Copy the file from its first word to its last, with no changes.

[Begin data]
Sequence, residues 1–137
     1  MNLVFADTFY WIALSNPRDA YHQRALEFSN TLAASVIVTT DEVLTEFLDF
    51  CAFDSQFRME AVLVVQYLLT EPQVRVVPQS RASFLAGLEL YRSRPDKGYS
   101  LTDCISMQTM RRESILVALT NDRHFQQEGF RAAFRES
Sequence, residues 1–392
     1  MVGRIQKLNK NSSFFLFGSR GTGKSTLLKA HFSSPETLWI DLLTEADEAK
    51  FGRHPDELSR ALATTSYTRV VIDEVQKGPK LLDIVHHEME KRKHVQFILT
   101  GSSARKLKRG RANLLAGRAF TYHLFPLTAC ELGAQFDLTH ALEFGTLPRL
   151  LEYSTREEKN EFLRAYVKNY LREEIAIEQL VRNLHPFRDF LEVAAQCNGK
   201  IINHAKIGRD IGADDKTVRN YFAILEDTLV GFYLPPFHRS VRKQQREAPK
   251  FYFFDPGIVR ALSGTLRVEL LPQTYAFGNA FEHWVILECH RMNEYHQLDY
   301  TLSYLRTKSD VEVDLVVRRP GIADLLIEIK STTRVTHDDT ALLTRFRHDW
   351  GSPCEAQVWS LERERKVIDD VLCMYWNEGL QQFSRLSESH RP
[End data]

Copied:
Sequence, residues 1–137
     1  MNLVFADTFY WIALSNPRDA YHQRALEFSN TLAASVIVTT DEVLTEFLDF
    51  CAFDSQFRME AVLVVQYLLT EPQVRVVPQS RASFLAGLEL YRSRPDKGYS
   101  LTDCISMQTM RRESILVALT NDRHFQQEGF RAAFRES
Sequence, residues 1–392
     1  MVGRIQKLNK NSSFFLFGSR GTGKSTLLKA HFSSPETLWI DLLTEADEAK
    51  FGRHPDELSR ALATTSYTRV VIDEVQKGPK LLDIVHHEME KRKHVQFILT
   101  GSSARKLKRG RANLLAGRAF TYHLFPLTAC ELGAQFDLTH ALEFGTLPRL
   151  LEYSTREEKN EFLRAYVKNY LREEIAIEQL VRNLHPFRDF LEVAAQCNGK
   201  IINHAKIGRD IGADDKTVRN YFAILEDTLV GFYLPPFHRS VRKQQREAPK
   251  FYFFDPGIVR ALSGTLRVEL LPQTYAFGNA FEHWVILECH RMNEYHQLDY
   301  TLSYLRTKSD VEVDLVVRRP GIADLLIEIK STTRVTHDDT ALLTRFRHDW
   351  GSPCEAQVWS LERERKVIDD VLCMYWNEGL QQFSRLSESH RP